It’s like when I was working on World’s Edge for Nano, actually. Now that I think about it, I had issues in the exact same spot then. The beginning is fine–there are things that need to happen to get the plot rolling, and then there are other things. And there are things that need to happen in the middle, and then things that need to happen at the end.

But that section between the beginning events and the midpoint is a sink hole.

In structural terms, I’ve heard this section of Act II referred to as the “reaction” phase. (Act II is often broken into two halves, one before the midpoint and one after.) Basically, the idea is that the main character is reacting to whatever the turning point between Acts I and II, and that goes on to the midpoint, when things pivot in some manner, and then in the second half the character makes a decision and starts to act on it.

It’s an easy place to get lost, unfortunately.

I don’t necessarily remember having middle issues in general, but it’s been a while since I’ve written a full novel draft from scratch and maybe I always have. Or maybe, because my pacing and structure used to have issues, I had different issues. Who knows? Besides, each book is different, and there are different problems each time.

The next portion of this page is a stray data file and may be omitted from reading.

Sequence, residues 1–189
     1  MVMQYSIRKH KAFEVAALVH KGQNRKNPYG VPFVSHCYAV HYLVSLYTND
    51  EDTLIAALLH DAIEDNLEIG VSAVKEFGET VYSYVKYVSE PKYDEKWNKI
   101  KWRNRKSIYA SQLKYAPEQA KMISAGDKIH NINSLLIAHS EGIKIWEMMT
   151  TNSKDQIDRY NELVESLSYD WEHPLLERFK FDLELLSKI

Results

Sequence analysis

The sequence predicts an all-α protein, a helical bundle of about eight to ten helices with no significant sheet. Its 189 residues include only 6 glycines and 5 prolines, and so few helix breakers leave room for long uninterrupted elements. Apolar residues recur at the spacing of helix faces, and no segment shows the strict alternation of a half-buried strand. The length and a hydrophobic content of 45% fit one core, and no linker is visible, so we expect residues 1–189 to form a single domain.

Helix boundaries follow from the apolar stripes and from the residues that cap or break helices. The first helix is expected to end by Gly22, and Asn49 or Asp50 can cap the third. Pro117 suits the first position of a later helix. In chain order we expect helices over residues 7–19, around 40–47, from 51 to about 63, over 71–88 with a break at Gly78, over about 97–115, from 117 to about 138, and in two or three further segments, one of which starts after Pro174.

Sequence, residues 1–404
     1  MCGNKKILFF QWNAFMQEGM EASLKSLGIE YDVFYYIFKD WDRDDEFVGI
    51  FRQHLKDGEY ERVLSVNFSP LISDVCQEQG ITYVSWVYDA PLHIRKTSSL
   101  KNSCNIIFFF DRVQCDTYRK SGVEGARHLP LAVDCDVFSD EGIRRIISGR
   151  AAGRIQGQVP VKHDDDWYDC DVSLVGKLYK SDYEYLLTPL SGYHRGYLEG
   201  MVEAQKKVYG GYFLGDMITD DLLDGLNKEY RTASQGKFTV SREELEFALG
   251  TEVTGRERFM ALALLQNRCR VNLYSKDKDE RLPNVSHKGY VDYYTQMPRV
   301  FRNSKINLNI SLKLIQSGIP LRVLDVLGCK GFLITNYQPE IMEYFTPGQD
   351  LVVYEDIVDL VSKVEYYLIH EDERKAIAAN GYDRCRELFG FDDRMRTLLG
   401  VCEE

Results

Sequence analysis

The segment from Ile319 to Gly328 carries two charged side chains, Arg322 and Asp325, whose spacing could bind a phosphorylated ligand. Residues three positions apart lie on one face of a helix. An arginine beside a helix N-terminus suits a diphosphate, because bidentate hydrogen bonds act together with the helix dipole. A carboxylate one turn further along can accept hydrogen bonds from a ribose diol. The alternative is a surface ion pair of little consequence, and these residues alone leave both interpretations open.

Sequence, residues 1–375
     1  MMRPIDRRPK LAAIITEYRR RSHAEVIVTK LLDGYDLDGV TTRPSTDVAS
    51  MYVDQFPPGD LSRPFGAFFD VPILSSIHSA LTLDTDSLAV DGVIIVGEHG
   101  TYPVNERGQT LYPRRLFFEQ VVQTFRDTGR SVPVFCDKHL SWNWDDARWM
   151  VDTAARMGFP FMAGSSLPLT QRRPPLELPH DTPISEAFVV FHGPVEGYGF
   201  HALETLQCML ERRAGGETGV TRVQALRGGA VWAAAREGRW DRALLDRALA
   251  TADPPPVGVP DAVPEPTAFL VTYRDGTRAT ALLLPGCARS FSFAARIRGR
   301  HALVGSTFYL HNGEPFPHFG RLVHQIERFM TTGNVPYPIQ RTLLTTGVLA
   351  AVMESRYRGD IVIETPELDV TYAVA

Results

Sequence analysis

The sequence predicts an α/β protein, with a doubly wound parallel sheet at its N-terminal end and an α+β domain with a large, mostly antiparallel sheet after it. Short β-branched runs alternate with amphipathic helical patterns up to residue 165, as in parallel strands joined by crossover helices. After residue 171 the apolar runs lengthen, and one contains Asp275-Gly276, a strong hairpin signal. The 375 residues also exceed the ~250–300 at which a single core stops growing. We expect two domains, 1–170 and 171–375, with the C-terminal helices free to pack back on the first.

But, anyway, my Act II Part 1 section has 20,000 words assigned to it, and I’m 10K in, and I’m a little lost. Each scene needs to progress the plot and the character arcs, so I can’t throw in a lot of random stuff, but I’m not quite sure what to do instead.

The good news is that, hooray, revision is a thing. And I know from experience that it is easier to tweak arcs and make sure theme and tone are consistent if the story is already written and you generally know where you’re going.

So I just need to get through this, and it can all be fixed later.

So that’s where I am. Aside from today being like pulling teeth, I’m on track and making fairly good progress, and I should be done with the draft by the end of July.

How are your projects going?